MobileWorks finished its 1 millionth task this month, and TechCrunch has the story:
MobileWorks set out with a different approach (and a social mission) — to pay workers fair wages and create a collaborative online work environment in which microwork would become less anonymous and more like a self-organizing virtual office. The startup believes that this approach can lower the cost of obtaining quality work or results, pay fewer workers more and, in so doing, enable non-enterprise (i.e. smaller companies) to tap into the benefits of crowdsourcing.
The company announced today that its workers have collectively completed one million commercial tasks since launch. What’s more, companies have effectively outsourced five continuous years of work in the last year by hiring its cloud-based crowd, which the team believes is a testament to how much businesses can accomplish by collaborating with a virtual labor pool.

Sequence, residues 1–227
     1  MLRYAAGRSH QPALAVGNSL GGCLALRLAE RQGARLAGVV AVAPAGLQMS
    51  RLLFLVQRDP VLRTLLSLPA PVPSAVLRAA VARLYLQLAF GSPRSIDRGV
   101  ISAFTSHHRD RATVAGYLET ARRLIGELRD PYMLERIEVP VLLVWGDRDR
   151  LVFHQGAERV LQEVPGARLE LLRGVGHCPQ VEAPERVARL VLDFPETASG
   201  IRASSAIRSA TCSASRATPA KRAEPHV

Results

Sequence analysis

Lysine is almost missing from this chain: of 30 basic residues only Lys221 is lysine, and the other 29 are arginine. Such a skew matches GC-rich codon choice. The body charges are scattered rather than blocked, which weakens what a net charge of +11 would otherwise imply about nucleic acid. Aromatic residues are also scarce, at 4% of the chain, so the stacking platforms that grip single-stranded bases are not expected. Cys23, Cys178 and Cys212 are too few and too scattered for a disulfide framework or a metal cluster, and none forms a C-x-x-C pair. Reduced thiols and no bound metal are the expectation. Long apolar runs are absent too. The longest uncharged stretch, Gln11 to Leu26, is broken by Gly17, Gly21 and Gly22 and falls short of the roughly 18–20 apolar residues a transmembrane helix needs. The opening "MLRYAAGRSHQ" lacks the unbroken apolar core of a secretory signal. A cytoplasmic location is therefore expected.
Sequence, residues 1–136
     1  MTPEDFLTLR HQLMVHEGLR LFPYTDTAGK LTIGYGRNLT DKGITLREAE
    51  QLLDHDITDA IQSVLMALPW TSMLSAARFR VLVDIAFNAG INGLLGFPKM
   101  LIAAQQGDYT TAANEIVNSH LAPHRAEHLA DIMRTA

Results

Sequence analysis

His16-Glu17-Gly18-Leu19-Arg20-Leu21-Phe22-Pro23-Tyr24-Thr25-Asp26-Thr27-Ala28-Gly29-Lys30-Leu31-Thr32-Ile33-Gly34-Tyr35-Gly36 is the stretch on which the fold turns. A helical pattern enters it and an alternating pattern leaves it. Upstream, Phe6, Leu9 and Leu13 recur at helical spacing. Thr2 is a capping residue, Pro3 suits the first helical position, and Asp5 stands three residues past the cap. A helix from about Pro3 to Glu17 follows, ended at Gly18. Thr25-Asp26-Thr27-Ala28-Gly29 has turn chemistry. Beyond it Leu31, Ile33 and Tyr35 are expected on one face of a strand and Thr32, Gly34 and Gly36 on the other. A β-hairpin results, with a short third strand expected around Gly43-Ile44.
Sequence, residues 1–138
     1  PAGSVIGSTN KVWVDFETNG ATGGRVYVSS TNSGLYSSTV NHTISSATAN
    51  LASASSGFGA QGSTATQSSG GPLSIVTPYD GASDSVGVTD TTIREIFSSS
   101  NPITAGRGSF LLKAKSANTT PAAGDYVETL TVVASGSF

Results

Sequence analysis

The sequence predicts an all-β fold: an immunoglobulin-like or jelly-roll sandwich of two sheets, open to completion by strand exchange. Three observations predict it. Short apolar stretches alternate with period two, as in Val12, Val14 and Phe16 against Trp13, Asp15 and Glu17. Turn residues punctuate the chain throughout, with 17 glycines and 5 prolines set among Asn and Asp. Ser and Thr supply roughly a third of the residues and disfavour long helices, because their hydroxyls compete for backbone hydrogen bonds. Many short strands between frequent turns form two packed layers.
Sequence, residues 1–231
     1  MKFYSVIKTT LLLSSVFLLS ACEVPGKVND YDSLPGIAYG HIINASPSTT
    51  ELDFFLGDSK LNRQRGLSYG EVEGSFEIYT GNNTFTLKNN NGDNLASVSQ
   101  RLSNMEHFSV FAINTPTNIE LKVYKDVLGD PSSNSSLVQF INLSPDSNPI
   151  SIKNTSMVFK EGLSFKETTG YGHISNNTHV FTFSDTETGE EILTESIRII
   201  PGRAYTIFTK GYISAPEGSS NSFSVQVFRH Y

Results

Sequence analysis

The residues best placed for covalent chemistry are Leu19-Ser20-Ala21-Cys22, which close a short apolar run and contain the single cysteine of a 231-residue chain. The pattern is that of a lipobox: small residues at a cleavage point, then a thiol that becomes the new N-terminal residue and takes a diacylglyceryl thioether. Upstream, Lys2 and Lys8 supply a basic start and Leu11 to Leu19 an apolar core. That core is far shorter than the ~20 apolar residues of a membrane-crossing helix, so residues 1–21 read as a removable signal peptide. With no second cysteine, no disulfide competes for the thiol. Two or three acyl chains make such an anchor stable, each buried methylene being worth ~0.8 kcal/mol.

MobileWorks automatically identifies its brainiest members and calls on them to manage the rest of the crowd, with the top one percent of the workforce being able to review everybody’s performance, train workers, hire and fire, and review answers. It’s potentially dangerous, but it also has a lot of advantages. The brainier members of the crowd don’t feel like they’re bored or being held down, others get a sense of the opportunity for upward mobility. What’s more, the crowd is just much more likely to be content and produce good work if it’s policing and monitoring itself, instead of feeling like Big Brother is watching. And that’s good for business.
There are a lot of underprivileged, underemployed workers out there in developing parts of the world who can be trained to be effective workers within MobileWorks’ framework — which, in turn, can help lift them up.